Sunday, August 10, 2008

The Future of Crossing the not to Cross at all

I read this article about managing pedestrian street crossing in the Boston Globe today. It's a pretty good article. I like that people are finally starting to realize that it's a losing game to try and make a city be as efficient as possible for cars to the exclusion of pedestrians, buses, bikes, etc.

But there's a gigantic element missing from this article: namely, the elements. Can we stop living in denial that the weather in Boston just plain sucks? It always sucks. It always WILL suck. For at least four solid months of every year, there will be snow on the ground that you can measure in feet. For three months beyond that, you can count on frigid, hurricane-force as not with driving rain. And for good measure, don't forget July and August when it's typically hot as hell and humid to match.

So if you really want to improve the pedestrian experience in Boston, don't make people walk on the street at all. Make them walk above it, or below it. I'm talking about a system like the Minneapolis Skyway, the Montreal Underground City, or any one of a dozen other systems across the globe. A system of walkways and public areas that are in fully-enclosed spaces.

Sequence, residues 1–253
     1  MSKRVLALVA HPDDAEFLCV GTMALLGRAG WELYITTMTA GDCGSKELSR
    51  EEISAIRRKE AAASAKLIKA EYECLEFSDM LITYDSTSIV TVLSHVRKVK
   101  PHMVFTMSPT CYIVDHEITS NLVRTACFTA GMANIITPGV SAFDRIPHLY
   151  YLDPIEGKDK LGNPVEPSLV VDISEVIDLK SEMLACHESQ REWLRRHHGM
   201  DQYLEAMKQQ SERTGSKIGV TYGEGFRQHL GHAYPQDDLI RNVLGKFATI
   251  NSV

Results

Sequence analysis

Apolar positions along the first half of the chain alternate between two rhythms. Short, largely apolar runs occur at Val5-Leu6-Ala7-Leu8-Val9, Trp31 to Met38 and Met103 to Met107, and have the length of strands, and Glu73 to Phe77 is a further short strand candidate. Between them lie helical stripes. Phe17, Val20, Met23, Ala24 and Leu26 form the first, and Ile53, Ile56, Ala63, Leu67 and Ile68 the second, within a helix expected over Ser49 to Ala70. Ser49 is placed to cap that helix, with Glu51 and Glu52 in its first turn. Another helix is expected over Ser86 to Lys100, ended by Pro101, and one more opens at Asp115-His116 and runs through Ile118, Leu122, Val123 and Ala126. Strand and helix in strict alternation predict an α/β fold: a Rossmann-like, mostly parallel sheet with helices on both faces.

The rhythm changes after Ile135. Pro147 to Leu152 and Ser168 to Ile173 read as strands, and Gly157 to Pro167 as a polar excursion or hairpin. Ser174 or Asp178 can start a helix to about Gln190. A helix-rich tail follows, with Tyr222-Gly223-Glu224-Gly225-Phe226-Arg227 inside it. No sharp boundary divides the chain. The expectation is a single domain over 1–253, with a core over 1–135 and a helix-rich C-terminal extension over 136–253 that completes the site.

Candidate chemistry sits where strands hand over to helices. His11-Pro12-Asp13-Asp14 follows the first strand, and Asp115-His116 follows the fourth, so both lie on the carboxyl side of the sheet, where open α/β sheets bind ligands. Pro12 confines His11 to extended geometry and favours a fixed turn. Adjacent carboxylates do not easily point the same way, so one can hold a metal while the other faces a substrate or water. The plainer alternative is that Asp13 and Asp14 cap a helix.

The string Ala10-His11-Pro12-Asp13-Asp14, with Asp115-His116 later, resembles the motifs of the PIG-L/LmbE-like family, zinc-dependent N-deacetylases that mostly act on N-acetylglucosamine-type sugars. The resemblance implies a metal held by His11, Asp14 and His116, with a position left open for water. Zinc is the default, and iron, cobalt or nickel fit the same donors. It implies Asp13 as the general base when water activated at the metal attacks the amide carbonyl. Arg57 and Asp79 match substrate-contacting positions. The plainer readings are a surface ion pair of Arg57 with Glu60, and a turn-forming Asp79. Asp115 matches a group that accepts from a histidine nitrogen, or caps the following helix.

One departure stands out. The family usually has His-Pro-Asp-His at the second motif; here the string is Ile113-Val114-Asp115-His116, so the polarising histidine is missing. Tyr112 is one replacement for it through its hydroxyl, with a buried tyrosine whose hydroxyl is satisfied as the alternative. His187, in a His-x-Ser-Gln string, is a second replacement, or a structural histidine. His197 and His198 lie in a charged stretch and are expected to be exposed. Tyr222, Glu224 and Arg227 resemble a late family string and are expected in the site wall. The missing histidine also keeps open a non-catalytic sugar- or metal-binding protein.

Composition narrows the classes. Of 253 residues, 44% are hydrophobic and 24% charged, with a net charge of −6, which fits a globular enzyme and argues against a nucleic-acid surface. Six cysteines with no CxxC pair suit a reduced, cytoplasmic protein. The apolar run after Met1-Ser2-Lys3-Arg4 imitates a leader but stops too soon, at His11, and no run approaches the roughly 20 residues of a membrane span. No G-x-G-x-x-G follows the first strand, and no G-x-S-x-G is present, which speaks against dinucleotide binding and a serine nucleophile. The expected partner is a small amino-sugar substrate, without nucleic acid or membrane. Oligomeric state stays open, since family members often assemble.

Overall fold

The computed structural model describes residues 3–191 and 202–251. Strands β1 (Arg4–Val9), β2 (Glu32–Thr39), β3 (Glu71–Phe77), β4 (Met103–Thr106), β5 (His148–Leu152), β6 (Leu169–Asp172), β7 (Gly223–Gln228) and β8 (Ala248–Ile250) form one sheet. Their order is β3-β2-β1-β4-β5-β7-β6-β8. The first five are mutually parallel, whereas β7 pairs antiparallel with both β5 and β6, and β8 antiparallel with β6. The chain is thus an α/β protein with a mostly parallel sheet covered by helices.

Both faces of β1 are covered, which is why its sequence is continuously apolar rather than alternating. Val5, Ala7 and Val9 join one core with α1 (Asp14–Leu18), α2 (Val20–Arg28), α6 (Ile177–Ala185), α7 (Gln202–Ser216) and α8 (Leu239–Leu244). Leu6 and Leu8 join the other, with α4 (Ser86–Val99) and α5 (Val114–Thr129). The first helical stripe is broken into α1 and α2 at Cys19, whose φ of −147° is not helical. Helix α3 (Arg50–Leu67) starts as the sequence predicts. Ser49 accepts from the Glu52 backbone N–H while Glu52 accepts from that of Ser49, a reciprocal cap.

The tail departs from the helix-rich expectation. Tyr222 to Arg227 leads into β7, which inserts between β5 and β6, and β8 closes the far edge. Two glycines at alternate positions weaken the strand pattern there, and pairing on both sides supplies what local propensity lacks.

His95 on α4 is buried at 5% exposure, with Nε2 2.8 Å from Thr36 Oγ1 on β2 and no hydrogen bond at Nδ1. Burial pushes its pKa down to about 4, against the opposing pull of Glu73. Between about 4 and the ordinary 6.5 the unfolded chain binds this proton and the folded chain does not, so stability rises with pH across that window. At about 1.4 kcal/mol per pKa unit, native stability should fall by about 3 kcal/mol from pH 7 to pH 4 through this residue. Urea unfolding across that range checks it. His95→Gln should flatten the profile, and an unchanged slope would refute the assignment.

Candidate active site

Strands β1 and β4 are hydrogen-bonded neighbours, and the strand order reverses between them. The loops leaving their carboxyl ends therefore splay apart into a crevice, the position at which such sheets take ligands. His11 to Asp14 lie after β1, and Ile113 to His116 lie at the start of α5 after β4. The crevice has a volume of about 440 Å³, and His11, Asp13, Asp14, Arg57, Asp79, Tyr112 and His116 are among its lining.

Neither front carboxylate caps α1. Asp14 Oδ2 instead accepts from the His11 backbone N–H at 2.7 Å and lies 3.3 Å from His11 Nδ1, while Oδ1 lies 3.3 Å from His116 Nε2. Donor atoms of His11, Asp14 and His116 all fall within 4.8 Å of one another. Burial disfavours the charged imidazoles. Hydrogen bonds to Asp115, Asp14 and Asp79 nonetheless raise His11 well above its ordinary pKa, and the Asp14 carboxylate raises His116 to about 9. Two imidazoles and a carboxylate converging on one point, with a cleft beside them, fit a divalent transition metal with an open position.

Boston already has a small version of this in the connecting walkways between the Prudential Mall, the Copley Mall, and the Westin Hotel. It's a very handy and pleasant way to walk about five or six blocks in total comfort. Similarly, the system of tunnels under MIT's campus, (PDF) while inherently limited to just serving the MIT area, is also very handy during the winter.

And it's also has the potential to be a prime driver of commerce. Not so much in a true "mall" sense, but you could easily have lots of little news-stand and Dunkin' Donuts kiosks (perfect for commuting times) and some CVS's sprinkled around. Maybe even some mini-supermarkets so you could shop for your dinner ingredients on your way home.

I don't deny this is would not be an inexpensive system to implement. But I would argue that it's probably less expensive than many would think. There's a tremendous amount of public interior space in many buildings that is poorly leveraged at the moment, but could be (relatively easily) connected via a skywalk. Or just renovate the miles of tunnels under Boston that are often just sitting abandoned at the moment.

These tunnels wouldn't even necessarily have to be open 24/7, either. Minneapolis's is not and it works fine. All they have to be is well-lit, well-ventilated (but not open-air) and reasonably clean, and people will use them in droves.

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